The twelfth way to help pets? Adopt!
Tue, Dec 24
The best way to help a homeless pet is undoubtedly to adopt one. Literally thousands of pets are waiting — and of course, Christmas would be a good time to open your home and heart. Making the decision, however, isn’t always easy.
My husband, Mike, and I have been struggling with the decision to adopt since we had to have our German Shepherd euthanized several months ago due to ill health. We mourned him deeply, and it still doesn’t take much to bring tears back to our eyes. Frankly, we didn’t think any other dog could heal our hearts, and we rejected the idea of adopting another one because we weren’t sure we wanted to go through the pain again. Maybe it was just too soon. The grief continued.
Mike and I work for Petfinder. He has been reading every happy tail that is submitted for many years now, and I’ve been sharing some of them on the Petfinder blog to spotlight adoptions. We’ve literally read over 29,000 adoption stories. A good many of them start by talking about the loss of a pet, and one common refrain is that the best antidote to the grief is adopting another companion. So many people have said it, we had to give the thought credence. Thus, right after Thanksgiving, we decided to take to heart the advice of these adopters who have been in our same boat.
I wanted another German Shepherd mix because I’ve never had a dog I loved as much as Tucker. Another reason is that we live in the country, and I want a formidable-looking pooch that barks when strangers show up at the door, even if, in reality, the dog is a sweetie pie.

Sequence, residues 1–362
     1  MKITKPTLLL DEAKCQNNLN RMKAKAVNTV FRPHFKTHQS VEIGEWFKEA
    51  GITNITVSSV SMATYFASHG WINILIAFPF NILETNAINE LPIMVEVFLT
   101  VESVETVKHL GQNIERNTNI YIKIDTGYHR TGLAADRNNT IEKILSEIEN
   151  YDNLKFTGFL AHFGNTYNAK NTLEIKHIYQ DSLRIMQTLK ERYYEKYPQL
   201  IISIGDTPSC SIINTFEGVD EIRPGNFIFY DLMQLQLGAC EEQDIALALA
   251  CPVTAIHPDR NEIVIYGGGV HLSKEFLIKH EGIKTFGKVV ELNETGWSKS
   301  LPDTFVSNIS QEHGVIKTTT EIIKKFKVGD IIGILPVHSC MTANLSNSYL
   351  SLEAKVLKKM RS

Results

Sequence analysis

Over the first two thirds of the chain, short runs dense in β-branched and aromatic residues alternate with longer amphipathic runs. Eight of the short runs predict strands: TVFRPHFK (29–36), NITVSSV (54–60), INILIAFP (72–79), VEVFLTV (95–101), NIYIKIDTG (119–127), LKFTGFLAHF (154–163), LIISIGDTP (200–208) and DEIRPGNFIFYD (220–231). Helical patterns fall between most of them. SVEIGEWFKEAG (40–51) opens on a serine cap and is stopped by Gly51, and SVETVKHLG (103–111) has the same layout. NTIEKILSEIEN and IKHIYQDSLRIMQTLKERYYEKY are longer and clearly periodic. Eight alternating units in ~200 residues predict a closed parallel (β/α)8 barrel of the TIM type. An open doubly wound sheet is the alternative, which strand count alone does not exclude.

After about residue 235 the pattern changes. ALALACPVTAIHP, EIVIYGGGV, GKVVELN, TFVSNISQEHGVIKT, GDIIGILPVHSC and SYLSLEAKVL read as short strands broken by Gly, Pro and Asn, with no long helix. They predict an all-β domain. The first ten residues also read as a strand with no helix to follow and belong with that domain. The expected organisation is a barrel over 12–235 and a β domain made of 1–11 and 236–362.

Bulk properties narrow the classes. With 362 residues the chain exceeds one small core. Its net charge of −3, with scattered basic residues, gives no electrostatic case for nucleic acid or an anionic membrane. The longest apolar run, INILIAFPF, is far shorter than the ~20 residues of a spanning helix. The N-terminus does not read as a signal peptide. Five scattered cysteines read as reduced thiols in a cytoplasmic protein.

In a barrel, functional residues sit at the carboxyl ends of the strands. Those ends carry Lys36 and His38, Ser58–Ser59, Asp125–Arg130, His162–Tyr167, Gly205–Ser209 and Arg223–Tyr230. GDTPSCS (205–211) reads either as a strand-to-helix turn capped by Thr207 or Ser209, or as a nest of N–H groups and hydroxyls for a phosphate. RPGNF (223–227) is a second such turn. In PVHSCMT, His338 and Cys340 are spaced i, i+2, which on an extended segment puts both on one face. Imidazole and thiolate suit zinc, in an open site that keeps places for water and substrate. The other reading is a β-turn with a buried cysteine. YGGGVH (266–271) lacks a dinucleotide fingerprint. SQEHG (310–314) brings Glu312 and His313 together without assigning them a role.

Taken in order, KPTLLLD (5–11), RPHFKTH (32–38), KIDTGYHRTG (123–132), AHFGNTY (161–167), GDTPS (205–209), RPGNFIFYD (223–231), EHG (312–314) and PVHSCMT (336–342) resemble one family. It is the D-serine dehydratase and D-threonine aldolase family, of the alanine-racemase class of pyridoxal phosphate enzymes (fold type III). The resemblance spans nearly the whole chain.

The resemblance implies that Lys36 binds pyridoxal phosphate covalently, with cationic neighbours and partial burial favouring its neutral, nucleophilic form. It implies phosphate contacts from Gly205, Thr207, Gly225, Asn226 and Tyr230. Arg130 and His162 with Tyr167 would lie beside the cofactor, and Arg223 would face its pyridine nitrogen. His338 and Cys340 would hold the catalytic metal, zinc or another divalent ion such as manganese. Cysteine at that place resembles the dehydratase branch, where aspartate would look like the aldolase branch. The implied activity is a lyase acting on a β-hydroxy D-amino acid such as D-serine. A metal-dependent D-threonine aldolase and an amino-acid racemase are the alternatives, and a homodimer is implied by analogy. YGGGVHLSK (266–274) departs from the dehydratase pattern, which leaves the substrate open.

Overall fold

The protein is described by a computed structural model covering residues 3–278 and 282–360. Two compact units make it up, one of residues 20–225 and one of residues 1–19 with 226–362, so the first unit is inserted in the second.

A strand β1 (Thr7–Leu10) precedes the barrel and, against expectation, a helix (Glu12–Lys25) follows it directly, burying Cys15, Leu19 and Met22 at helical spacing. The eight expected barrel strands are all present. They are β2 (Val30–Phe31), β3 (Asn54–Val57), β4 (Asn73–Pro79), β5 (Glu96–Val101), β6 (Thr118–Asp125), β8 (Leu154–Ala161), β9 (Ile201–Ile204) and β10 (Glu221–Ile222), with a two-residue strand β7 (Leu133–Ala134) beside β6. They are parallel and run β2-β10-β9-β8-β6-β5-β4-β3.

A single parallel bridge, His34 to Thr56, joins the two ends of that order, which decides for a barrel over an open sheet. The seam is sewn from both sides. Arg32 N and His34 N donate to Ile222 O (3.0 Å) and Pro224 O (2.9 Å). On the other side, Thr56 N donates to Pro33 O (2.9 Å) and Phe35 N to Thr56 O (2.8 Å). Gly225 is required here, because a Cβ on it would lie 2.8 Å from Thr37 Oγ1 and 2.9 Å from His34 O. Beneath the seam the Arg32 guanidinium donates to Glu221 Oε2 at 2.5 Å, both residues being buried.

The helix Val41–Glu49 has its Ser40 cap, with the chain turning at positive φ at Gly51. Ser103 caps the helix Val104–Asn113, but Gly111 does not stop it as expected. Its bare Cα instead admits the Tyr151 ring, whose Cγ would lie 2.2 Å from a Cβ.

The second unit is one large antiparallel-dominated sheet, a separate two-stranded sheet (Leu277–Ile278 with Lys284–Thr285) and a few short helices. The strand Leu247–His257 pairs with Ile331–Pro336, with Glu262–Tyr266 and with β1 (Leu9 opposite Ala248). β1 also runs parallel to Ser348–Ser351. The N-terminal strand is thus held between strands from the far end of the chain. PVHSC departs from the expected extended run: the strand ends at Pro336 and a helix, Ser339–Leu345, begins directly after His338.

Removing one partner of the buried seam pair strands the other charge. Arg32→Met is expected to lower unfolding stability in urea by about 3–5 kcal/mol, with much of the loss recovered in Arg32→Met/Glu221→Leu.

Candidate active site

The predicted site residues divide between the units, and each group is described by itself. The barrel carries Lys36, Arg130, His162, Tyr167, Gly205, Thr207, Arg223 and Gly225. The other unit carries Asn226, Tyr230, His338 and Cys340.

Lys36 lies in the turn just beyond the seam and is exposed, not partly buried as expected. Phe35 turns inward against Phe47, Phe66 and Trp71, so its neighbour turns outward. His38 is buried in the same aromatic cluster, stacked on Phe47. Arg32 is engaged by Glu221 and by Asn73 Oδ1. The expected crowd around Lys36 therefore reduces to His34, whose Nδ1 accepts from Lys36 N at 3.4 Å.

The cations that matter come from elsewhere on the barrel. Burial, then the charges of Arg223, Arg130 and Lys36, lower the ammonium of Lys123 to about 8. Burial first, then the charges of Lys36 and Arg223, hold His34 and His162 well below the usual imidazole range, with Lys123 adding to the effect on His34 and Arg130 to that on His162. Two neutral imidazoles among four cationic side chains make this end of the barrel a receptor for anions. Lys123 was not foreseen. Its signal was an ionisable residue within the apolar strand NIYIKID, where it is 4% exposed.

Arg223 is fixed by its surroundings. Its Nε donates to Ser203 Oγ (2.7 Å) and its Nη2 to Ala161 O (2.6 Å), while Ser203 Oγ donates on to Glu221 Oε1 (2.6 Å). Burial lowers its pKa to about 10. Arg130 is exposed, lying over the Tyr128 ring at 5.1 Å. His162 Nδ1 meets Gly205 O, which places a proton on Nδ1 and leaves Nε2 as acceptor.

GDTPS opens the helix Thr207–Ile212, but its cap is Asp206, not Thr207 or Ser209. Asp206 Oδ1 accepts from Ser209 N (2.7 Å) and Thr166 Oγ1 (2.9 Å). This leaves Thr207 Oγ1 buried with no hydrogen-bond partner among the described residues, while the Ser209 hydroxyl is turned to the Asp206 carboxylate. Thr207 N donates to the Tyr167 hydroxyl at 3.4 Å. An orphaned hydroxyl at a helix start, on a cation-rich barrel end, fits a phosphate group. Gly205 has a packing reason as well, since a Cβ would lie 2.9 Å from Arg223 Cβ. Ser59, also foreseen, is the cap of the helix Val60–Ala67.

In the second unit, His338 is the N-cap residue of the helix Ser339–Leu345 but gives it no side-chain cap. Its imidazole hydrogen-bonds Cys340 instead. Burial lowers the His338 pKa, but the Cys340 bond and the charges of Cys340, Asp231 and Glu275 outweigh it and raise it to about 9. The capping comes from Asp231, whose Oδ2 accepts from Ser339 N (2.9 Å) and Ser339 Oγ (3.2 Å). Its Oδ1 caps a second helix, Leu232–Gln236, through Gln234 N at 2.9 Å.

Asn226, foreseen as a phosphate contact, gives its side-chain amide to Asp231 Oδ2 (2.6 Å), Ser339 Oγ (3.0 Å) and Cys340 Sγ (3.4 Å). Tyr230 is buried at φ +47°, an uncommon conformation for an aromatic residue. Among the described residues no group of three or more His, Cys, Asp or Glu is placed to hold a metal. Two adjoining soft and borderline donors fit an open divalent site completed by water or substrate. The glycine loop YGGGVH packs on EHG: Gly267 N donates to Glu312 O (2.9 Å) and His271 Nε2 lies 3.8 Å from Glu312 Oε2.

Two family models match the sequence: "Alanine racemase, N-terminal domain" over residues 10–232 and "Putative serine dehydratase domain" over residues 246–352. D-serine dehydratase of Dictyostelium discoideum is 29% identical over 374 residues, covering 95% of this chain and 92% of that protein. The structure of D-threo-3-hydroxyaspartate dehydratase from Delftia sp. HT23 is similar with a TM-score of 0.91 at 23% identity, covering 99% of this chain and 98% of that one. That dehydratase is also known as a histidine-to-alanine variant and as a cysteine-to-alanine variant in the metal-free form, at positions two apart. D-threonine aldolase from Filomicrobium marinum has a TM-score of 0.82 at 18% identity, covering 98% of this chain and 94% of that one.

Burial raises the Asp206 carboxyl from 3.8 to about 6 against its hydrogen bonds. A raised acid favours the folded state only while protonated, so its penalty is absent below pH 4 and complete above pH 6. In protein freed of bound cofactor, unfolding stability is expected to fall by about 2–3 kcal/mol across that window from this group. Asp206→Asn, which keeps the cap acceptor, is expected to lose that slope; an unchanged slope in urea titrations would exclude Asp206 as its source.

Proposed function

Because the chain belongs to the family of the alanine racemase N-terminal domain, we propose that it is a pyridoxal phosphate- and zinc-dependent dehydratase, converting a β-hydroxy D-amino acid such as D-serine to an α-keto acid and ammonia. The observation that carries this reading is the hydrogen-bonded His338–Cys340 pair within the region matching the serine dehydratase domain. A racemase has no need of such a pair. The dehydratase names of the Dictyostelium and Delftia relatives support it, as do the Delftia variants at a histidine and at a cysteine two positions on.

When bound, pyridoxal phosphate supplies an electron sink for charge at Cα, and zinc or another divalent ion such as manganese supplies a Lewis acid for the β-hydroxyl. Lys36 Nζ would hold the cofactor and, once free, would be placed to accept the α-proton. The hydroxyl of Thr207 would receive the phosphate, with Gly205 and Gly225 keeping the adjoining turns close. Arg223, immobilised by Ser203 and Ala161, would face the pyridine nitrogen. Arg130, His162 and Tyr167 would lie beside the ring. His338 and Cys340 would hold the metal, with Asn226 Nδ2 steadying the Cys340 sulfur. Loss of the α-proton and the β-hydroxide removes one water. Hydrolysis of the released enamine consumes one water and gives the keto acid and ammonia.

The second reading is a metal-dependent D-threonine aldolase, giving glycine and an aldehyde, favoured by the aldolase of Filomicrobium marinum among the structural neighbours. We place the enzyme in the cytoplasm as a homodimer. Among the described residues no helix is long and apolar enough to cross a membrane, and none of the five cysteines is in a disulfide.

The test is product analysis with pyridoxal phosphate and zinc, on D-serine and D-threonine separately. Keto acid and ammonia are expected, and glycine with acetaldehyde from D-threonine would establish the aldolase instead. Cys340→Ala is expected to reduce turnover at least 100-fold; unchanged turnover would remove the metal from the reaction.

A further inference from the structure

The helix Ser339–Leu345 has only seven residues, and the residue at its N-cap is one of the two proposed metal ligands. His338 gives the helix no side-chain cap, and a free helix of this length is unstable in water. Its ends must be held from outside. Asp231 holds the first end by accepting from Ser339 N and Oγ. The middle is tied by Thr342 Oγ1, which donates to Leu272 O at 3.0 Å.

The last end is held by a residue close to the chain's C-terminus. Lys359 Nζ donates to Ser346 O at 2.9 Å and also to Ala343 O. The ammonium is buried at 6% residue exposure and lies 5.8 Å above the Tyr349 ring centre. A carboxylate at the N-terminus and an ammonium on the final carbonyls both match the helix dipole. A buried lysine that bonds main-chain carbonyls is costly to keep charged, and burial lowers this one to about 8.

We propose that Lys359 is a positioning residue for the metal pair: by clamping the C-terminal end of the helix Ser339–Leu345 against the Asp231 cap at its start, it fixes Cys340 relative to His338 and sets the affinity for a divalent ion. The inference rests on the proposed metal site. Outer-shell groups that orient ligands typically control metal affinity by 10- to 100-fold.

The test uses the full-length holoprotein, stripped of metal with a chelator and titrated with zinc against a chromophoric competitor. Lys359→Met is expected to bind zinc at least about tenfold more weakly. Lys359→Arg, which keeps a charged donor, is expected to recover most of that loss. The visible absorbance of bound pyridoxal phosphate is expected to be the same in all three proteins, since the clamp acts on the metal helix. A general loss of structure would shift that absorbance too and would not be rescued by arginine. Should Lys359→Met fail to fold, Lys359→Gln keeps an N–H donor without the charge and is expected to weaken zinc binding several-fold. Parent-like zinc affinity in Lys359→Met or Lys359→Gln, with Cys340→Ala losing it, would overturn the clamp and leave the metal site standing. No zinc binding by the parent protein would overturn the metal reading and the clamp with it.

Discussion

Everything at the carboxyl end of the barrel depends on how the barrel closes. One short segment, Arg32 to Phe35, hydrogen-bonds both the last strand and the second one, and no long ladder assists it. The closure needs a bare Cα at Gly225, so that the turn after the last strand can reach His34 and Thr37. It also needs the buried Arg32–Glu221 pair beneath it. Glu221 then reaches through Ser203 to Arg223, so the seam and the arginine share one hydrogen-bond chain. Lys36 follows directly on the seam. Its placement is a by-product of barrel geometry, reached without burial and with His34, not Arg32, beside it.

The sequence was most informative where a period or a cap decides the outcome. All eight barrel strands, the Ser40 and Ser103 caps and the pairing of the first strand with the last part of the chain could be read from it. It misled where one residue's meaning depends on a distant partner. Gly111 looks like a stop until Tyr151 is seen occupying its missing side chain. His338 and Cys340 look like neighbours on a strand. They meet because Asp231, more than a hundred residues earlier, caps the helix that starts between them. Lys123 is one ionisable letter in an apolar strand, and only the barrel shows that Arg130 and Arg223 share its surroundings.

Thus began our search on Petfinder. I entered our search criteria. Then I began scouring the resultant photos for one that was vaguely reminiscent of Tucker. Big doleful eyes stared out at me on a listing by the Senatobia-Tate County Animal Shelter in Mississippi, some 300 miles from us. We were immediately smitten with this 12-week-old pup who had come to the shelter at the beginning of October, part of an abandoned litter. His listing said he was shy about getting his photo taken. So was Tucker! It seemed like a sign, and we wanted to meet him. Mike made the phone call to make sure he was still available.
Two days later, we got up at 5 a.m., starting early because sleet was scheduled to pummel our area late that night. When we met him around one o’clock, we were putty in his paws. Several hours later, he was sleeping in the back seat as we three were homeward bound.
Cooper, as we’ve named him, was flummoxed when he had to mount one step onto our porch. He quickly mastered it, and it hasn’t taken him long to learn that this is his home. He has discovered the joy of snow and tearing up newspapers. The house training is — well — still spotty, but we’re working on it. We’ve signed up for puppy classes, although the little duffer already sits on command. He’s smart!
We’re enjoying the patter of paws around the house. We continue to miss Tucker, of course, and we slip and call this little guy Tucker at times. I feel a little guilty about getting another dog so soon, but as someone said, “To adopt another homeless dog is the best tribute you could pay to Tucker.” So be it.